Updated Rule for Presumptive Status

 

The Department of Veterans Affairs (VA) has proposed a new rule that could trigger a flood of disability compensation claims from veterans suffering from health problems that they say are linked to the contaminated water supply at Marine Corps Base Camp Lejeune.

 

If it is finalized in its current form, the rule would grant ailing veterans who served at Camp Lejeune over four decades “presumptive status†that their maladies were caused by exposure to toxic chemicals in the water at the North Carolina base. The wording is similar to language in a 1991 law that offered compensation to veterans who were exposed to dioxin-laced Agent Orange defoliants sprayed on the jungle during the Vietnam War.

 

The proposed rule, published Friday, September 9, 2016,  in the Federal Register, effectively modifies a 2012 law that provides VA health coverage for veterans who served at the North Carolina base for at least 30 days between August 1, 1953 and December 31, 1981.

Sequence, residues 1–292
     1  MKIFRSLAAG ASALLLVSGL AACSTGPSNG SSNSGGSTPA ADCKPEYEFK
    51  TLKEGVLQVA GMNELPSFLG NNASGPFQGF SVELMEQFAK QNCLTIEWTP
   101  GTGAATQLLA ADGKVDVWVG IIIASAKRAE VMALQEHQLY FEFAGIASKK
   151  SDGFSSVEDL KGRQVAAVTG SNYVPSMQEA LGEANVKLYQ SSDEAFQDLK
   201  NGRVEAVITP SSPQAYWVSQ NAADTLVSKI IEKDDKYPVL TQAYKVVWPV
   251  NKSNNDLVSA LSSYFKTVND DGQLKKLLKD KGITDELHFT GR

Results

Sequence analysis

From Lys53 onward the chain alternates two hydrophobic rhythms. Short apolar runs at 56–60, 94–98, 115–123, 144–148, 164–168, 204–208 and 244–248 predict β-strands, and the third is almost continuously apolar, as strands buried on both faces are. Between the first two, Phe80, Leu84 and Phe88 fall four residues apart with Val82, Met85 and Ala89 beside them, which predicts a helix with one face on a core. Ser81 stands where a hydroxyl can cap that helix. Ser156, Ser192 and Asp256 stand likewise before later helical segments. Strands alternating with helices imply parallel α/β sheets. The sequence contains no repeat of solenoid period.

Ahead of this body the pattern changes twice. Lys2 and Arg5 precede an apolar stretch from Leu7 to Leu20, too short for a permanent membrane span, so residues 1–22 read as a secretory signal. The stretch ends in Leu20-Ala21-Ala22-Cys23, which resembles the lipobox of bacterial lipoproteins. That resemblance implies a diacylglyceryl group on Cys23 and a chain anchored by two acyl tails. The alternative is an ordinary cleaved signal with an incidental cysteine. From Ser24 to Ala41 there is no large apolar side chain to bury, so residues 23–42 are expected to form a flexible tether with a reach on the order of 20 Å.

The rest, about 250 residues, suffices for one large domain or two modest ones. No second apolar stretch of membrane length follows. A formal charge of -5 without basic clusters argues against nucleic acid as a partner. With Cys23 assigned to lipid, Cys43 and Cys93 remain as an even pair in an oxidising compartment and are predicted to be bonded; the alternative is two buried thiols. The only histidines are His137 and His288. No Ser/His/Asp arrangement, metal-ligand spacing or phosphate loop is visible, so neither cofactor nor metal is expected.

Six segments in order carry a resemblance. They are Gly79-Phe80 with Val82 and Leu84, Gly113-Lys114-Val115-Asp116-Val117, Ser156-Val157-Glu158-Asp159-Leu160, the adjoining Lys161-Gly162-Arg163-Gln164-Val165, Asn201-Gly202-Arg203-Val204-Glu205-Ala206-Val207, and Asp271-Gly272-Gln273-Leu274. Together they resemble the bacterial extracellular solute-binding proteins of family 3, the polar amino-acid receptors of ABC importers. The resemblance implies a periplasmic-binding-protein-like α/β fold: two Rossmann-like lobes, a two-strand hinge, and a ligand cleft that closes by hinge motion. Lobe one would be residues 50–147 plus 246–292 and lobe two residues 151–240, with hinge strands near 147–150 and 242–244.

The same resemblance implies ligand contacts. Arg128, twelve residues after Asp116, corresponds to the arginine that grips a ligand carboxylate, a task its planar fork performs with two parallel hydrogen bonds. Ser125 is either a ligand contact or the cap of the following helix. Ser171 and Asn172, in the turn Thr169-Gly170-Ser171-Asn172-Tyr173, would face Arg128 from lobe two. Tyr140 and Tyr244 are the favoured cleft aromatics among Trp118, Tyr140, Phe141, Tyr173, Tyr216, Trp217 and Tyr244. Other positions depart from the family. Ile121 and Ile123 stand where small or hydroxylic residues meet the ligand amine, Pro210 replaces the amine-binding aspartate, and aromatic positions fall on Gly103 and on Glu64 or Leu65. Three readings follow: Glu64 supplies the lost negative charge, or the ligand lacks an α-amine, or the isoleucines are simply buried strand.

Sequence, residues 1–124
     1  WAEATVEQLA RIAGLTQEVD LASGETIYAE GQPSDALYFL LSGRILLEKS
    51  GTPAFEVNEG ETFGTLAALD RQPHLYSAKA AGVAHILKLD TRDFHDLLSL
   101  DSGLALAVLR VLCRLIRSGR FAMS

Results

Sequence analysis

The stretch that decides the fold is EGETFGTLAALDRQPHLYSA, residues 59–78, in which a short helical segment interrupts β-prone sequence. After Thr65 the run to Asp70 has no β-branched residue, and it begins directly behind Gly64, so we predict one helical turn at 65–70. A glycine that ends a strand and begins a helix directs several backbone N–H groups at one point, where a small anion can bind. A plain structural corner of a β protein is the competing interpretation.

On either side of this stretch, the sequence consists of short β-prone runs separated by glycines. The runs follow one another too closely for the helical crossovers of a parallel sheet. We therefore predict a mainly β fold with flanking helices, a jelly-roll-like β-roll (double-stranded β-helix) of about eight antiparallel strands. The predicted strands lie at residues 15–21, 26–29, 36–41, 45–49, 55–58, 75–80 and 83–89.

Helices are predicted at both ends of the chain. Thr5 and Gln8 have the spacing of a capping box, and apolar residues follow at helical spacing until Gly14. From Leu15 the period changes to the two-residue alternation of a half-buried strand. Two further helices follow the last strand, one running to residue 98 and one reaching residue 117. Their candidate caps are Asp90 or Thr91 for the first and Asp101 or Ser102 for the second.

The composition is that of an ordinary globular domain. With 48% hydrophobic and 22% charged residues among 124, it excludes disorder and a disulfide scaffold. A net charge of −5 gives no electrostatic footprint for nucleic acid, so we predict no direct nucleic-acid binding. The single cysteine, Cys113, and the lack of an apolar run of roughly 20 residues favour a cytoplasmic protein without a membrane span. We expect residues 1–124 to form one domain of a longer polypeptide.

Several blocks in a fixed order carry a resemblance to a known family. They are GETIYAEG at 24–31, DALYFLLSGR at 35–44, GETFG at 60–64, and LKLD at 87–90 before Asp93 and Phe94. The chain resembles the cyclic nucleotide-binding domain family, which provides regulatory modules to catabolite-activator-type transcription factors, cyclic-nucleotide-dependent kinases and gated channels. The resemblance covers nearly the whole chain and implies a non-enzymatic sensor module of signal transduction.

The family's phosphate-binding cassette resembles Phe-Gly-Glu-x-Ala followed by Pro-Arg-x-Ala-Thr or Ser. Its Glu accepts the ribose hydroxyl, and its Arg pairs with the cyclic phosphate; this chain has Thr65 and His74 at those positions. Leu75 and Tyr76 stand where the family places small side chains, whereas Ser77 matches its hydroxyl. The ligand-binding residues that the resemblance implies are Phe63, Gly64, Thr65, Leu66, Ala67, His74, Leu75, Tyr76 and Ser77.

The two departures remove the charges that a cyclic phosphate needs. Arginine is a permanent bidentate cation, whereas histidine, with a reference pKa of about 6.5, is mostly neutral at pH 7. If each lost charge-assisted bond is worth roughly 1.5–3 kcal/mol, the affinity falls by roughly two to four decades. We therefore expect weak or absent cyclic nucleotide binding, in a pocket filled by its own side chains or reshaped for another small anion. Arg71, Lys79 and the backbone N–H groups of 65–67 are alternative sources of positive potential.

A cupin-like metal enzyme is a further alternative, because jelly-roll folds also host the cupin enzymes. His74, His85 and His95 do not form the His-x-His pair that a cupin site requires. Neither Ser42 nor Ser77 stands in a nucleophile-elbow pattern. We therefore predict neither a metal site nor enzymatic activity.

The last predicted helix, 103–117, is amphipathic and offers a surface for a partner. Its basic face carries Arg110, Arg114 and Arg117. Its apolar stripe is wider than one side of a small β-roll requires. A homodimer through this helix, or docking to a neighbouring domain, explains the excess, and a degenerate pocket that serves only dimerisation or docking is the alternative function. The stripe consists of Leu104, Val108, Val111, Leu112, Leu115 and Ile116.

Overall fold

The notice says the comment period is 30 days instead of the usual 60 because time is of the essence for roughly 30 terminally ill vets to file claims.

 

The proposed rule covers eight diseases related to exposure to volatile organic compounds that were improperly disposed of and infiltrated Camp Lejeune’s water supply — “adult†leukemia, bladder cancer, kidney cancer, liver cancer, multiple myeloma, non-Hodgkin lymphoma, Parkinson’s disease and aplastic anemia.

 

“If you have one of those conditions then you don’t have to go further with paperwork and documentation to prove that it was caused by the drinking water at Camp Lejeune. It is presumed that it was,†said VA spokesman Randy Noller.


TET 68 survivor